The novel tells the story through the eyes of Beatrice Lacey, Quality daughter of the Squire, in love with the land, and frustrated by laws of the current day. Beatrice lives and breathes Wideacre, a lush farm land in Sussex; she owns the respect of all the local tenants in the village, she is a talented rider, she is an instinctive and gifted farmer. However, Beatrice knows that she will never inherit the land, due to her elder brother Harry, and the fact that when she marries she will be forced to leave her childhood home.
So she hatches plot after plot. She conspires with a local village boy she may or may not love and sets a plan into motion which ends in the murder of her beloved father. She is wracked with guilt, absolves herself of any blame, and attempts to kill the boy. She only manages to cripple him, but upon finding out he is still alive and has fled Wideacre, she is haunted by his inevitable revenge throughout the rest of the book.
Her plots get more incredulous and morally sickening. She seduces her brother and exercises her power over him and the estate by taking advantage of his penchant for sexual abuse. She becomes pregnant with his child and convinces her sister-in-law to adopt it as her own. She then gets pregnant again and marries her suitor to try to pass off the child as their own. Beatrice also finds a way to poison her mother when she eventually catches her and her brother in the act. Eventually, her most elaborate plot yet leads to her downfall and Wideacre's and she meets her timely end at her former lover's hand as prophesized.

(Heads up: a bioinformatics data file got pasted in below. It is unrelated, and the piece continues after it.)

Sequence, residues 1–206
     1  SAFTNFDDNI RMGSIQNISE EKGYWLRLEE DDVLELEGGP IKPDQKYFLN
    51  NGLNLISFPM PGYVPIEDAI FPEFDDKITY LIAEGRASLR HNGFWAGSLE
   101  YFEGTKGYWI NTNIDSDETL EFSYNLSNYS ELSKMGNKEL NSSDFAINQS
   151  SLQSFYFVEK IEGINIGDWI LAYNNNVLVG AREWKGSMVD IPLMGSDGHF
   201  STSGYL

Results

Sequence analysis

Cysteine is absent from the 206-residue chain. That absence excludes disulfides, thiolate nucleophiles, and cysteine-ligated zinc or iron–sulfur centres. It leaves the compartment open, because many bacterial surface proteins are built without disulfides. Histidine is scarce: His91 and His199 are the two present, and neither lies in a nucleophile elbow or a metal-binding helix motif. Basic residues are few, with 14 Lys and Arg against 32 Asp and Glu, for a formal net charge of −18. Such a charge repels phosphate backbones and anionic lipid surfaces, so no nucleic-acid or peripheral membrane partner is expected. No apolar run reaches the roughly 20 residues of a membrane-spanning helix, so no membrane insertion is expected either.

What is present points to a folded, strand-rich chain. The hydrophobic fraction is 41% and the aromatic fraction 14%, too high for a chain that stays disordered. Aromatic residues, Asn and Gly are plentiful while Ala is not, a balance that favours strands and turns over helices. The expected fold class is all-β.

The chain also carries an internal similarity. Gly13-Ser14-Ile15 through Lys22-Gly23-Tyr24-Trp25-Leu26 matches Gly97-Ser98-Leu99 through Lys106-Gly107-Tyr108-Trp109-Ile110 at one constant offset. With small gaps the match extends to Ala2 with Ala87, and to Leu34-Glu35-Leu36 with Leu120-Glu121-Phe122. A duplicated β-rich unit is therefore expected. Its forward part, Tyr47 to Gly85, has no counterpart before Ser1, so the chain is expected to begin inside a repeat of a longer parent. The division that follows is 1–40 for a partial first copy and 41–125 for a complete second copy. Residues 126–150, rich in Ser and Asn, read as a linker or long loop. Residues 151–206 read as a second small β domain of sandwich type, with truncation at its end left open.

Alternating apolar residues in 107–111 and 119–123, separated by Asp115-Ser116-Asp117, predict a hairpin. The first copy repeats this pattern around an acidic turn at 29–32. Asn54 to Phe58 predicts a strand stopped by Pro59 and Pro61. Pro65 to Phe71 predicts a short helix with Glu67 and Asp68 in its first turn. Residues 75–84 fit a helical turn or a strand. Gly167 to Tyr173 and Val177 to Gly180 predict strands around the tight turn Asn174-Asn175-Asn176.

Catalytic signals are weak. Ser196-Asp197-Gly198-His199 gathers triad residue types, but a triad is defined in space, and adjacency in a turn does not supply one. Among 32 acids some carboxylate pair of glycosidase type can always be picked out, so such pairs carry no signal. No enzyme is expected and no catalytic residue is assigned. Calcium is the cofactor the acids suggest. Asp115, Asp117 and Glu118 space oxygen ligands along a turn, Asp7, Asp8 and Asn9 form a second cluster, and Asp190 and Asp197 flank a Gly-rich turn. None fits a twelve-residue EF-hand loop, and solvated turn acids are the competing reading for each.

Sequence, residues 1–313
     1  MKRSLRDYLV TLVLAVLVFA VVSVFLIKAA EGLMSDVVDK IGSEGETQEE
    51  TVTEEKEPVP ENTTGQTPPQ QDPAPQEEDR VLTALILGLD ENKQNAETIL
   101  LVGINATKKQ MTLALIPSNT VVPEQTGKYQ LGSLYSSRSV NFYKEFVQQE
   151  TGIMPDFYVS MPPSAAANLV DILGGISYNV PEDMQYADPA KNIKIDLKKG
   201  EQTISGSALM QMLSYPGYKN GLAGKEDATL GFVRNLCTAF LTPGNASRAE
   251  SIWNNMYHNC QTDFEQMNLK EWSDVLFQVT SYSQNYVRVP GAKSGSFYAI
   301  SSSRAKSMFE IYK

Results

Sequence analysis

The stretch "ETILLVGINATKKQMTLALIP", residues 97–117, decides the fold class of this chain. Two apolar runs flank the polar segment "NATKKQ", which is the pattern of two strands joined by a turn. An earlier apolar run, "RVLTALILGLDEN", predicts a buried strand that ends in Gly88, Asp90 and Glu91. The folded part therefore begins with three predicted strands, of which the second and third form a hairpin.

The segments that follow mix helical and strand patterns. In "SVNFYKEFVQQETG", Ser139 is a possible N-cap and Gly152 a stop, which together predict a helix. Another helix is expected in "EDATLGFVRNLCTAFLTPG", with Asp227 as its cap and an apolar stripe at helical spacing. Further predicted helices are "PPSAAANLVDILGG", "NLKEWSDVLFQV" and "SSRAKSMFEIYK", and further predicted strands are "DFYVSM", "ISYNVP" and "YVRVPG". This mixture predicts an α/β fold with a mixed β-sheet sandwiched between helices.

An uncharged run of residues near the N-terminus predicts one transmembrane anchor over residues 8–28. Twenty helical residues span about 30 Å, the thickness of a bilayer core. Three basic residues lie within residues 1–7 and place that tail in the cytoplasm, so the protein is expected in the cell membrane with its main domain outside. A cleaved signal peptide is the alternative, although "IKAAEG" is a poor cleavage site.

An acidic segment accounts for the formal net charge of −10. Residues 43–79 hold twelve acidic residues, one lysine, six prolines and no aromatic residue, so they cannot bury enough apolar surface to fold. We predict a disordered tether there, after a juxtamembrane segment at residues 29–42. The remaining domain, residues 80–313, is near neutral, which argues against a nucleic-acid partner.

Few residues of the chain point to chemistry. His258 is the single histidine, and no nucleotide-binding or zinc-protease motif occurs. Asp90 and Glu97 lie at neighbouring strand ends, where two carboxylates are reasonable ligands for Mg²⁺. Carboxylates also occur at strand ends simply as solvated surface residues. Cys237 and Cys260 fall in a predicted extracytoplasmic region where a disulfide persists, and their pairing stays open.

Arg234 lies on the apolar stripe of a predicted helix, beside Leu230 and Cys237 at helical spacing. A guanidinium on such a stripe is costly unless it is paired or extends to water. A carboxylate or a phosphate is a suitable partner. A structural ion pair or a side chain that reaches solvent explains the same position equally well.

Even though the events were hard to swallow, the book still managed to grip me and I had to know what Beatrice's outcome would be. As a character, she is polarising. I feel sympathy for her and women's rights during her time, but I also feel disgusted by some of the extreme actions she takes throughout the course of the book. It is fascinating how she manages to rationalise her actions for good, but in the end manages to cause ruin to everyone and everything she loves. None of the other characters in the book were interesting in comparison and a lot of them fell flat and were so one-dimensional it's not even worth mentioning them by name.
The novel was written with a lot of attention to detail, although the prose at times was rather long-winded. The writing did reflect the tone of the book well, and you fell into Beatrice's moods with her, from her sunny happiness to her drugged stupors. However, I felt that it was too much of the same for too long, and as someone who is 'town born and bred', I couldn't truly connect with Beatrice's ache for Wideacre. A solid 2.5 stars.